“I’ve had pens in my bag from the office, but if people are stealing £5 or £500 or A$100 million, the psychology is similar,” Woodford says. “You should always manage from a premise of recognising human nature, and question and challenge all the time. Anyone who’s read Animal Farm knows what happens when people get into positions of control or power. They are susceptible.”

Woodford is also an advocate for the compulsory rotation of auditors to minimise the risk from comfortable relationships and complacency. “Which is not necessarily popular,” he says. “We only have four large firms left and relationships do build.”

Woodford also thinks audit needs to have a more prescriptive forensic ­element to it and legislation should be passed to hold ­directors to ­account. “What you can achieve is a fear of being caught, there have been so many cases recently of wrongdoing,” says Woodford. “People are sick to death of it. I would be looking to deliver criminal ­accountability to the officers running those companies, not just large fines. The legislative frameworks for the ­executive and non-executive directors should be tightened, so if there is wrong­doing on your watch then you or the managers within the organisation are more likely to face ­custodial sentences.”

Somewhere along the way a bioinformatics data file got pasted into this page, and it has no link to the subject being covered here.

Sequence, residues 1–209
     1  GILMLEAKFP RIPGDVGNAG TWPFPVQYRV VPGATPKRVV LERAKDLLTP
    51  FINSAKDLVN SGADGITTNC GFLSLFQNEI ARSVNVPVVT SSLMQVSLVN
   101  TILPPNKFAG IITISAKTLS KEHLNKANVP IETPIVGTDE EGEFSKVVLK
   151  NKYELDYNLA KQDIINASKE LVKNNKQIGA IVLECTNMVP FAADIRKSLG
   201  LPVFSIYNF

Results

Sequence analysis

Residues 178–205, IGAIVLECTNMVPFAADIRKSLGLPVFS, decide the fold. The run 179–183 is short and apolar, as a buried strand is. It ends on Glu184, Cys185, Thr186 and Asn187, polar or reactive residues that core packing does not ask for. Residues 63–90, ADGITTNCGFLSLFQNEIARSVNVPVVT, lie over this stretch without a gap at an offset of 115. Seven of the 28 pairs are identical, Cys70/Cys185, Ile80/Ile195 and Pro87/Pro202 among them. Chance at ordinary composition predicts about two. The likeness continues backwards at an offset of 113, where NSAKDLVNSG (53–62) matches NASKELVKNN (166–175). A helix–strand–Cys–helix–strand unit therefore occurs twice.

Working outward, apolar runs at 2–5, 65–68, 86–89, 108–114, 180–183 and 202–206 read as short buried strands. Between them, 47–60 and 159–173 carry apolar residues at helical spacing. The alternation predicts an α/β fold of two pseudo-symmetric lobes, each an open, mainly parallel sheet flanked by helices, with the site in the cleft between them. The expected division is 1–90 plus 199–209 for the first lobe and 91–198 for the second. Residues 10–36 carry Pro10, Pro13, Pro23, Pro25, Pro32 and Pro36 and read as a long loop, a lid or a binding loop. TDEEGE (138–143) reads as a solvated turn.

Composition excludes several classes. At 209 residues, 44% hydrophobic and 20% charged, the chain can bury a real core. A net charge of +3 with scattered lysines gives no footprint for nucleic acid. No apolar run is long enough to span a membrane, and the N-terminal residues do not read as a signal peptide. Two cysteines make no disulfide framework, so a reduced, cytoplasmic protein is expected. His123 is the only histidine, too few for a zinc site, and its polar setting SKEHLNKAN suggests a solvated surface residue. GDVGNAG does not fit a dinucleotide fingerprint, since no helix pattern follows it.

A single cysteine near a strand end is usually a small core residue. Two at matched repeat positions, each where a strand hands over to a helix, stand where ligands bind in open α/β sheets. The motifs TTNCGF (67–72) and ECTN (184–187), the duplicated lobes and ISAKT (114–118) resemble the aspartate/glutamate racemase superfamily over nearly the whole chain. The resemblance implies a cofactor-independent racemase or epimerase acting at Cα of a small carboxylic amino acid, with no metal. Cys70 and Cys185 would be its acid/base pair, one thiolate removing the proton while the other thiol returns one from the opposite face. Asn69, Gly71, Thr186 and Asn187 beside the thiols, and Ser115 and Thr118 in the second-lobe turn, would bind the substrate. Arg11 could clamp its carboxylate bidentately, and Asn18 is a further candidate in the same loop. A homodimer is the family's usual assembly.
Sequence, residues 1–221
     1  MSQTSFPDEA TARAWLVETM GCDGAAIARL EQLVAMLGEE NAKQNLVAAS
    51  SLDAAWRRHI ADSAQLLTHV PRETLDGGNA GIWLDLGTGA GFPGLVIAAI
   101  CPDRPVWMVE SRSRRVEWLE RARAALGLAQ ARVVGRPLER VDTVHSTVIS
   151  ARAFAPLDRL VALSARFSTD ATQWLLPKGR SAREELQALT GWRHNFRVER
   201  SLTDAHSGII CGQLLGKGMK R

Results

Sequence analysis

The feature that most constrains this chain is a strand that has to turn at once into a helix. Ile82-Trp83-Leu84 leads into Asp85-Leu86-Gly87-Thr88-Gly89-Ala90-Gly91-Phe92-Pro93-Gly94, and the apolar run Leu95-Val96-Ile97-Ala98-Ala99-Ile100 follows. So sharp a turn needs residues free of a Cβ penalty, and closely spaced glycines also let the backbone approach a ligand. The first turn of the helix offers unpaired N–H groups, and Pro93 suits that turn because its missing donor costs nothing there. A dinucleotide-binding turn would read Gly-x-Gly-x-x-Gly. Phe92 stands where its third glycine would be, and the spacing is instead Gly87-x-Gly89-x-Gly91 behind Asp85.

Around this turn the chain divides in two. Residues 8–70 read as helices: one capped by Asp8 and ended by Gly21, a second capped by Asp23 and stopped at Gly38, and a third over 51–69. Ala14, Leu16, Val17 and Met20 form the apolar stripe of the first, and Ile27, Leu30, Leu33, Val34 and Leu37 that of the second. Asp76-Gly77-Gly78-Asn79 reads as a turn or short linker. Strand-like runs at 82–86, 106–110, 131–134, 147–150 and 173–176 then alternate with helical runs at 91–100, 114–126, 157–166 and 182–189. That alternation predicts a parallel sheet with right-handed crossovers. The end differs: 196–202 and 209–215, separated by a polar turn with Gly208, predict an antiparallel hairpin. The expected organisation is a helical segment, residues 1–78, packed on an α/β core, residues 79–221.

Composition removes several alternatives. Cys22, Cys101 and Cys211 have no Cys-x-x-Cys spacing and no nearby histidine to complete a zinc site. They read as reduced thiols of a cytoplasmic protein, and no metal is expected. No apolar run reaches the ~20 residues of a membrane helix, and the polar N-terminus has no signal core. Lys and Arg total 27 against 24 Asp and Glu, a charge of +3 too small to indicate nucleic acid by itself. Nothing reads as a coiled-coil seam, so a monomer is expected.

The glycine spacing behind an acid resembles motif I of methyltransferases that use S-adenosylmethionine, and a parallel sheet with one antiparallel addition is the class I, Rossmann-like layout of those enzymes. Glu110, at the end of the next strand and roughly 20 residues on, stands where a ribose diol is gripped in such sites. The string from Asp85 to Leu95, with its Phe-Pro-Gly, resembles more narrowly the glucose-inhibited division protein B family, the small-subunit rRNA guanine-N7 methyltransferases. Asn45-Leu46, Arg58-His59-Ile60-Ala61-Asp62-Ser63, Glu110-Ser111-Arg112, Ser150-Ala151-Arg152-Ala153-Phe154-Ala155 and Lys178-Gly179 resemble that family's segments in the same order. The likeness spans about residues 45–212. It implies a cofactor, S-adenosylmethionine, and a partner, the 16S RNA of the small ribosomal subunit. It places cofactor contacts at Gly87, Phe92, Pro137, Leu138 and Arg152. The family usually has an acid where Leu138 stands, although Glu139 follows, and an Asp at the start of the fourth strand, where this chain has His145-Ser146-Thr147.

Michael Woodford speaks to the media after his sacking.

Michael Woodford speaks to the media after his sacking.

Woodford also says shareholder activism can be the most powerful governance ­control, making shareholder approval of ­remuneration a sound option.

“In the Olympus case, we had almost all the overseas shareholders demanding within weeks the removal of the board of directors – it was so transparent, yet to this day Japanese shareholders in the Olympus case have not said one word of criticism of the incumbent board that allowed this to happen.”

Woodford says one of his greatest fears now is that fraud is more than just white collar: “There’s the potential involvement of sinister forces.”

When Woodford exposed the scandal at Olympus, local media suggested organised crime could be involved. “It’s a huge amount of money – US$1.7 billion worth of criminality was involved – but is hard to prove, particularly in Japan. But if you’re moving billions around the world and through the Cayman Islands and setting up strange and wonderful edifices to facilitate that, you don’t know who you’re mixing with,” he says.